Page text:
Obama weighs in on Michael Vick, and other cultural issues
Tuesday, December 28, 2010; 12:00 AM
HONOLULU - President Obama doesn't seem to shy away from the divisive social and cultural topics that Americans are debating in their living rooms, gyms and workplaces.
He has spoken out about the responsibility of fathers to raise their children, has condemned the arrest of a prominent black Harvard professor who said he was the victim of racial profiling, was heard chastising Kanye West for the rapper's rude behavior at the MTV Video Music Awards, and recently said his views on gay marriage were "evolving" from his previous opposition.
On Monday, the buzz was about how the president had weighed in on the redemption of Michael Vick. Obama phoned the owner of the Philadelphia Eagles to praise the team for giving a second chance to the quarterback, who is again a National Football League star 19 months after leaving prison for his role in a horrific dogfighting ring that killed pit bulls by electrocution, hanging and drowning.
The president has not spoken publicly about the call, though aides acknowledged that it took place. But Eagles owner Jeffrey Lurie told Peter King of Sports Illustrated and NBC Sports that during their conversation Obama was passionate about Vick's comeback.
"He said, 'So many people who serve time never get a fair second chance,' " said Lurie, who did not indicate when the call occurred. "He said, 'It's never a level playing field for prisoners when they get out of jail.' And he was happy that we did something on such a national stage that showed our faith in giving someone a second chance after such a major downfall.''
Bill Burton, a White House spokesman, said Obama "of course condemns the crimes that Michael Vick was convicted of, but, as he's said previously, he does think that individuals who have paid for their crimes should have an opportunity to contribute to society again."
Burton added that Obama called Lurie in part to discuss plans for the use of alternative energy at Lincoln Financial Field, where the Eagles play.
Vick, whom endorsers shunned after the dogfighting controversy, is now the pitchman for a Nissan dealer in Woodbury, N.J., outside Philadelphia. But the general manager of the dealership acknowledged in an interview with the Philadelphia Inquirer that he had taken some criticism for embracing the quarterback.
Fans in Philadelphia and elsewhere have generally stopped bringing anti-Vick signs to games as they did last year, but Vick's emergence as one of the league's top players - and a most-valuable-player candidate - has revived debate about whether he should be so enthusiastically embraced less than two years after he left prison.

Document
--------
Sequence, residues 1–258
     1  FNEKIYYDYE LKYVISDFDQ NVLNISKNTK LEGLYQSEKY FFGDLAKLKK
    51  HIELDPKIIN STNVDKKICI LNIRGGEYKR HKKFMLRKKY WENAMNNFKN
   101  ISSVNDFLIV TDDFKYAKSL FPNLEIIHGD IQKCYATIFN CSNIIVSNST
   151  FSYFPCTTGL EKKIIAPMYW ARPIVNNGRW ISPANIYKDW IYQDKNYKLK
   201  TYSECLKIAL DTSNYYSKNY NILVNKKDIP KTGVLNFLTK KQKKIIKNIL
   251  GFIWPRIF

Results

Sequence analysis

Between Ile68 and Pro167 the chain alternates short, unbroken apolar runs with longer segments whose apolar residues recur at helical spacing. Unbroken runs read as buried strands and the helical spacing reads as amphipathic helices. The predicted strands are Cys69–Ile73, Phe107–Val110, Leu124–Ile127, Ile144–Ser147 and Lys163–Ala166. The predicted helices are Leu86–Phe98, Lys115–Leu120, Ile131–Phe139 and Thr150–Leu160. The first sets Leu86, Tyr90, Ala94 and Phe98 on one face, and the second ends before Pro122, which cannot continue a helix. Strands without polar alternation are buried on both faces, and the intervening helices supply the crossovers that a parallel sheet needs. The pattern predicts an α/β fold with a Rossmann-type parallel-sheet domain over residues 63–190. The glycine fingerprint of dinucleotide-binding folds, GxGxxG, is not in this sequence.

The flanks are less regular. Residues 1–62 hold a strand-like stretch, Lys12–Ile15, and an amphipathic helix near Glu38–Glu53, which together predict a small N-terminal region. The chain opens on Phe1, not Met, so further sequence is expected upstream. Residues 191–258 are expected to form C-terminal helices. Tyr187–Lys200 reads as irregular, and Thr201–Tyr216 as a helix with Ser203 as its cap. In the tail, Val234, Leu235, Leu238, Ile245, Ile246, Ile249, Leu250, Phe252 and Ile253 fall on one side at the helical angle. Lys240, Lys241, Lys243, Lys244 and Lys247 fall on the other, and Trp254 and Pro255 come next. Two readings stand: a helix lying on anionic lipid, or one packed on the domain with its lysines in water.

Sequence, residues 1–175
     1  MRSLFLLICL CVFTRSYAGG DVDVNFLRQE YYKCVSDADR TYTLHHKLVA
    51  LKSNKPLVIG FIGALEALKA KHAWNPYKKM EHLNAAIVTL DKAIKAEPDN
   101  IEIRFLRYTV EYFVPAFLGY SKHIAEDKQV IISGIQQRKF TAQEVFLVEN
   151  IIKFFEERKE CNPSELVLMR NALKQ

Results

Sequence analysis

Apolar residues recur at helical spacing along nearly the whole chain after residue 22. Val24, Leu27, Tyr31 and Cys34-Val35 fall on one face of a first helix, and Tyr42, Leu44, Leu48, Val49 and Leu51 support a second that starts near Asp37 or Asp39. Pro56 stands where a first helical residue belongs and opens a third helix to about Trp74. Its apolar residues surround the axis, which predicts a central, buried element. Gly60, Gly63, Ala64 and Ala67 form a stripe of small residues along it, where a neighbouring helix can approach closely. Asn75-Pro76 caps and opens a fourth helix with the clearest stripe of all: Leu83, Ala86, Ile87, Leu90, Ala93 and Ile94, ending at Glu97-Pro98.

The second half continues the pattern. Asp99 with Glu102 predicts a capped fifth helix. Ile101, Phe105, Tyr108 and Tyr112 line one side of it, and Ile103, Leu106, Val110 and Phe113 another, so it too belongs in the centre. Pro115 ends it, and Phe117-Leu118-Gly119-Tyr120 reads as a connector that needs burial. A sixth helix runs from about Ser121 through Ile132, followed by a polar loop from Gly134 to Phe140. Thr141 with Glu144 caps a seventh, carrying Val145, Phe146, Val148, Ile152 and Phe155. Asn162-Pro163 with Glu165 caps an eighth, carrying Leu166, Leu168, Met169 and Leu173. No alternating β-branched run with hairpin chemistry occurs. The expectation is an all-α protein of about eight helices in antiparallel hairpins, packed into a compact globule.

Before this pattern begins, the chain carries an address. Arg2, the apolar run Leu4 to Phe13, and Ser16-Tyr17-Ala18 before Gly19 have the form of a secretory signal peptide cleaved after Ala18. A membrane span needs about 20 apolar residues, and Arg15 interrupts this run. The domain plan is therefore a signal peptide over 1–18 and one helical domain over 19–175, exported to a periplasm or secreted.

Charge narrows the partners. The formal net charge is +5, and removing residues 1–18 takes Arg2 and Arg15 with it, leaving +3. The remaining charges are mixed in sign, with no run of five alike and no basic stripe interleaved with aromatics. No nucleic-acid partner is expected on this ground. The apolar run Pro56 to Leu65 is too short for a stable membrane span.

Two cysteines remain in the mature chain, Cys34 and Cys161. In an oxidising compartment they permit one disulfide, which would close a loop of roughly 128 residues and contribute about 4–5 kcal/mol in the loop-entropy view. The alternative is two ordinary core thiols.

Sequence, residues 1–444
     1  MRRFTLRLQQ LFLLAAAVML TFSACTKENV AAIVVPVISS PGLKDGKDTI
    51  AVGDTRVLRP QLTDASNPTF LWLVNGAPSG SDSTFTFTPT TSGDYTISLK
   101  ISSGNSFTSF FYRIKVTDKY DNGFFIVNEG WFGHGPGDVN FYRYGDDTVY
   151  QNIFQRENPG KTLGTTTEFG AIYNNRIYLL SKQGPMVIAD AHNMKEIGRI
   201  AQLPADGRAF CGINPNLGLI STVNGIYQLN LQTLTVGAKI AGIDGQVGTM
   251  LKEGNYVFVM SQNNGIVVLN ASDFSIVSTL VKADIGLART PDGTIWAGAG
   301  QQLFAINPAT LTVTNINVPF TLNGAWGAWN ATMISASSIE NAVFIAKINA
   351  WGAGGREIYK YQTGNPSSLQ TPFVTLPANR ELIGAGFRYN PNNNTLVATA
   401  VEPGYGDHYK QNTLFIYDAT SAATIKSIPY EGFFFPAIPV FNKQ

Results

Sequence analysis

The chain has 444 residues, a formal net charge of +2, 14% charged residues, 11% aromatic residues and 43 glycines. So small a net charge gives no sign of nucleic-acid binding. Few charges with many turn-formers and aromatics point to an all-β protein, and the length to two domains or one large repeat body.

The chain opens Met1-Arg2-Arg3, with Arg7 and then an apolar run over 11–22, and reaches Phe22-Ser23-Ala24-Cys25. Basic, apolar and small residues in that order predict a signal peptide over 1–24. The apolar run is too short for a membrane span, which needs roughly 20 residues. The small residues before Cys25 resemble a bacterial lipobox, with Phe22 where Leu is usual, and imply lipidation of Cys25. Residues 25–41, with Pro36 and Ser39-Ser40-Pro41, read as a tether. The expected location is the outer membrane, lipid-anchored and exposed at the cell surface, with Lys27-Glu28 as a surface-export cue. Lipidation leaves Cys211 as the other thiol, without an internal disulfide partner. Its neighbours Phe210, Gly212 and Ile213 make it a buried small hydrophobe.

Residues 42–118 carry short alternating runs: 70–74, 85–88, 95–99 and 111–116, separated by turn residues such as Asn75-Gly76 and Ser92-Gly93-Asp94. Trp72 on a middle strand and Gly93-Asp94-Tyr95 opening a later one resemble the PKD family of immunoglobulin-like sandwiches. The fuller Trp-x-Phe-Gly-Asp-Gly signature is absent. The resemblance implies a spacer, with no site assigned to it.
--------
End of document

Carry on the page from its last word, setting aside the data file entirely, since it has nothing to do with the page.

People for the Ethical Treatment of Animals said Obama's call was appropriate, noting that Vick himself has given speeches around the country apologizing for his crimes.
"Obama's a sports guy, Vick's a sports guy, and comebacks and redemption can happen," said Ingrid E. Newkirk, the group's co-founder and president. "We all want a president who can lift us up and move us forwards when ugly things happen, but that cannot let us forget and remain watchful to avoid future abuses."
At the same time, Newkirk said, the embrace of Vick by the president carries risks, as many people remain revolted by his crimes. Vick pleaded guilty in 2007 to the dogfighting charges and served a 19-month sentence that ended in May 2009. According to court documents, he financed a series of pit-bull fights in which bets were placed. At least six dogs that did not perform well were drowned or hanged.
Soon after his sentence ended, the Eagles signed him.
Newkirk strongly criticized the quarterback's recent remark that he would eventually like to have a pet in his home.
"You don't forget," she said. "In the same way, you would hope a pedophile would get a chance at what he does [in his career], but you wouldn't want him to get another child in his home," she said.
Obama is not the first president to be curious about what Americans are thinking and talking about. President Bill Clinton also urged American fathers to do better, while President George W. Bush condemned the widespread use of steroids in baseball.
Obama's supporters welcome his interest in matters beyond the customary arenas of policy and politics.
"He's not only leader of the government but also a role model and a moral voice for the country," said Neera Tanden, a former Obama adviser who is now chief operating officer for the Center for American Progress, a liberal Washington think tank. "And that is why he's discussed the role of parents as their children's first teachers, chastised absent fathers, as well as commented on issues that raise ethical concerns in the culture, outside of politics."